For the past five years Halloween has been a very stressful time for our golden retriever Jaspar.
This year was the worst due to three weeks of fire crackers blasting day and night.
Three days before Halloween we left him inside with the radio talking away but he was frightened from firecrackers to the point of panic. Trying to get out of the house he chewed two feet off of a door frame and part of the door.
The day of Halloween we put him outside when we went out for a few hours. Again, scared, he bit through a metal mesh fence, through a hedge and under another fence. After running east for who knows how far, someone captured him and took him to the Como Lake Veterinarian, who called me to come pick up a very upset boy.
Two days later with things calming down I took Jaspar outside to fetch the ball for some treats, which usually lasts for a few minutes.
Bang! And off he went again. I drove all the streets looking for him with no luck. I decided to go home and see if another call for him would come in.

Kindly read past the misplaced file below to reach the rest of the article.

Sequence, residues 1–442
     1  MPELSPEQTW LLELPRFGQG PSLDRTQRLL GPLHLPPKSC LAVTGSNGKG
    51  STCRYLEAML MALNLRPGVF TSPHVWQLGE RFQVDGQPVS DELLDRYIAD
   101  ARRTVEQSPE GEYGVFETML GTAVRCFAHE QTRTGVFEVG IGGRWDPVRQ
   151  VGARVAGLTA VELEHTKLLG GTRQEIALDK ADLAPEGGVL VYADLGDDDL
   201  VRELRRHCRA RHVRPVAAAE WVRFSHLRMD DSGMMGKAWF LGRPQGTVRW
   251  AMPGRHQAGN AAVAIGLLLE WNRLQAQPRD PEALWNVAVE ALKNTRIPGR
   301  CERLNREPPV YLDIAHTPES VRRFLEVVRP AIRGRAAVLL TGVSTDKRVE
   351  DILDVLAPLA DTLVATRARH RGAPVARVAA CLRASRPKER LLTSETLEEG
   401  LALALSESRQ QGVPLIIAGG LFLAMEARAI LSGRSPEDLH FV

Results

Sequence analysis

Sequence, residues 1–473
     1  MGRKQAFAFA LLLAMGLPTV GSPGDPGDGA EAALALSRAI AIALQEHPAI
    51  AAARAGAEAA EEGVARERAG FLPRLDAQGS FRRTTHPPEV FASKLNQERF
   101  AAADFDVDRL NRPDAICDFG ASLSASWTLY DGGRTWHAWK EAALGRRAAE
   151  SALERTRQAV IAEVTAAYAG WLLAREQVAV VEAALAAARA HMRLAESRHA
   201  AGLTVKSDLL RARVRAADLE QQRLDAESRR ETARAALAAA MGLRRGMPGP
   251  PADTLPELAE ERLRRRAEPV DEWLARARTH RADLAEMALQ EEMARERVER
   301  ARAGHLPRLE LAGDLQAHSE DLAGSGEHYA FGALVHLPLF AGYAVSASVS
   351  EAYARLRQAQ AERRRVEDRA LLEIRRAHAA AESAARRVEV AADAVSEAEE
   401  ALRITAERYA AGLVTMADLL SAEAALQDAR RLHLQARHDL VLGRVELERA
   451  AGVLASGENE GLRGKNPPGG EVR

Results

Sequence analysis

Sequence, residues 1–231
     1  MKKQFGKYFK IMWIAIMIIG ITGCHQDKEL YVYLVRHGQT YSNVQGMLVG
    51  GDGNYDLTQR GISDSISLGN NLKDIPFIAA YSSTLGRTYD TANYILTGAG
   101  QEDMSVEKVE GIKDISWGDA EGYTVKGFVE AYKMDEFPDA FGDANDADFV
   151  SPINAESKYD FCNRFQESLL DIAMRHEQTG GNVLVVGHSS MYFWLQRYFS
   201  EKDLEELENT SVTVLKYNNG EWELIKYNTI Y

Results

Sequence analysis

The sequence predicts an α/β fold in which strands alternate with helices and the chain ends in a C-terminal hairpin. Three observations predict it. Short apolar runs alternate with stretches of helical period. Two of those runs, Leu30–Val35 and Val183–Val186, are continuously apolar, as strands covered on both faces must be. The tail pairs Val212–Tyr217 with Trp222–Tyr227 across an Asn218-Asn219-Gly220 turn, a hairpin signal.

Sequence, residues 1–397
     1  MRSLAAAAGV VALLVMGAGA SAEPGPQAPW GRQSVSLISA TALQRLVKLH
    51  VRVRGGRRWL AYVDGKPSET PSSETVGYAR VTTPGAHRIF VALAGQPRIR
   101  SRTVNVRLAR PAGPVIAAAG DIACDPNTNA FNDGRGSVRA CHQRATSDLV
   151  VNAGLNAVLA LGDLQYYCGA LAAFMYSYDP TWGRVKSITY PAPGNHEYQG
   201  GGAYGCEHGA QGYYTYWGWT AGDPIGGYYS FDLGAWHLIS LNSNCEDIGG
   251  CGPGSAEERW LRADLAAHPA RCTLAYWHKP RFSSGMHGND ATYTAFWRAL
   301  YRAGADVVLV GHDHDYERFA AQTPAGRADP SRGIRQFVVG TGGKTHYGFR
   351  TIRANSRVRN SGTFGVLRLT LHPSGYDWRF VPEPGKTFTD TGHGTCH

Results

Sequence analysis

It did. A resident west of us corralled him and called the Animal Rescue Centre, which called me.
I really would like to thank these helpful people who saved Jaspar and let us get back to "normal" with Jaspar.
He has lost three teeth trying to chew his way out when frightened by firecrackers.
The cruelty to animals caused by firecrackers every year is criminal.
I personally would like them to be restricted to Halloween night only. The same goes for New Year's Eve.
A society that fails to recognize this problem and doesn't try to stop this cruelty to animals is letting down innocent victims year after year.
I know there are good people out there who care and I thank them so much.
Now we need more people to care enough to make strict guidelines for the use of firecrackers.
Steve Mancinelli Coquitlam